Nevertheless, the consumer base for international online shopping might increase in Pakistan, and for many of these customers, the process by which their shopping items are delivered to them is unclear.
From AliExpress to your Doorstep
The way online shopping works is now familiar to many Pakistanis. You visit an online store or marketplace (such as the locally operating Daraz.pk or the international AliExpress website), choose the product you want to buy, place an order, and share your payment details.
After payment processing, the seller (sometimes called the merchant or dealer) packs the product, and attaches a sales invoice to the package. The invoice mentions the seller and buyer addresses as well as the weight and the value of the item. The seller then dispatches it to the buyer’s address.
For AliExpress customers in Pakistan, the first stop for the package is an International Mailing Office (IMO) in the country. All international mail is first received by the IMO. There, mail collectors separate the letters from the parcels. The AliExpress packages are shifted to the parcels queue. The parcels are then passed to a customs office of the FBR housed inside the IMO.
The customs officers inspect whether the items in the parcels are subject to customs duty or not. They typically divide the parcels into two categories: gifts and shopping.
According to an FBR customs collector, gifts are identified through the customs declaration receipts affixed to the parcels. These receipts usually declare that the items in the parcels are gifts of no commercial value. However, according to the customs collector, if the customs officer in the IMO believes that the actual value of the gift plus its postal insurance is more than Rs. 20,000, they consider the parcel to be subject to a customs duty.
Shopping packages are easier to identify because of the sales invoice, which usually states the seller or merchant’s name and address. The invoice also communicates the value of the shopping item to the customs officers.
The customs officers are allowed to open the packages but the Pakistan Post staff is not, according to the IMO officials. The customs officers can open the packages if they believe the declarations are untrue or to check if the packages contains prohibited items. Once a parcel is open, the officer can match the item to its declared value.
According to Section 25 of The Customs Act 1969, if a customs officer suspects that the declared value is untrue, the officer may match the item’s value with identical goods or similar goods being sold in Pakistan at commercial level or derive a value by calculating the material costs.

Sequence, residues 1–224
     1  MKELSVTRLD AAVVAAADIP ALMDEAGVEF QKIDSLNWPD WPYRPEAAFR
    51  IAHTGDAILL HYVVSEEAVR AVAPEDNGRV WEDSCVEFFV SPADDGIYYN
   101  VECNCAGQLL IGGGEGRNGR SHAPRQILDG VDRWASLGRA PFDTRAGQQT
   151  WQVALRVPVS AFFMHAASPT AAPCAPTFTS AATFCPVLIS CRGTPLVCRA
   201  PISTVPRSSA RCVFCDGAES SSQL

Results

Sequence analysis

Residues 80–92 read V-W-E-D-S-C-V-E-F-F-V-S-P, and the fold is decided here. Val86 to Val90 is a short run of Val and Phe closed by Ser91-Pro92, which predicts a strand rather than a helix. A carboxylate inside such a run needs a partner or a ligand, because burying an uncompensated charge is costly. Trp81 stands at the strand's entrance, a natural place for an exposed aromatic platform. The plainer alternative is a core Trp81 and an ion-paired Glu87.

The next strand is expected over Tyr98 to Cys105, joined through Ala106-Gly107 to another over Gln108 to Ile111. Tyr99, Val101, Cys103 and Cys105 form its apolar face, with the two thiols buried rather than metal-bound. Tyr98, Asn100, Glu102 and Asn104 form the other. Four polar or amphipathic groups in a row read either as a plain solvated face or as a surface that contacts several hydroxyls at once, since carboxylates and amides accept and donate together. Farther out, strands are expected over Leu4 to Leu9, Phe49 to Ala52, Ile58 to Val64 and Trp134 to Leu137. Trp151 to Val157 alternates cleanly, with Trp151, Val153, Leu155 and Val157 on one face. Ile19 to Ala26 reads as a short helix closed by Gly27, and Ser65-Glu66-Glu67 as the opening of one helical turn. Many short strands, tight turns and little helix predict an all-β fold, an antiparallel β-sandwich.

“We (the custom officers) can appreciate the real value and calculate the implying custom on that but we can never depreciate it,” says the customs collector, who wished to remain anonymous because the collector was not authorised to speak with the media.
Once the customs officers are certain about the item’s value, they apply the customs duty to it.
But a customs duty is not the only type of tax applied to goods subject to customs.
The Types of Tax on Imports
Goods subject to customs are charged with four types of tax. Chief among these is the customs duty, but there is also a sales tax, a regulatory duty (for imported items already available in Pakistan), and a withholding tax (deducted at source). There are also an additional sales tax and an additional customs duty, both of which are applied in special circumstances to discourage imports to Pakistan.
The percentage of each duty or tax is provided in an FBR tariff book, which is updated annually. The customs duty and other taxes are applied through a cumulative tax collection formula, according to the FBR customs collector. This means that each new tax is applied to the sum of the item’s value and the amount of the previous tax. For example, if a 2% customs duty is applied to an item worth Rs. 1000, the customs duty comes out to be Rs. 20. The next tax will be calculated out of Rs. 1,020 (Rs. 1,000 + Rs. 20), rather than the original item value of Rs. 1,000.
Once these taxes are calculated, the parcels are repackaged by Pakistan Post staff into their original packing and dispatched to the post distributor who writes the customs duty and other taxes as calculated by the customs officers on a Pakistan Post receipt and sends the parcels off for delivery. These charges are to be paid by the customer upon receipt.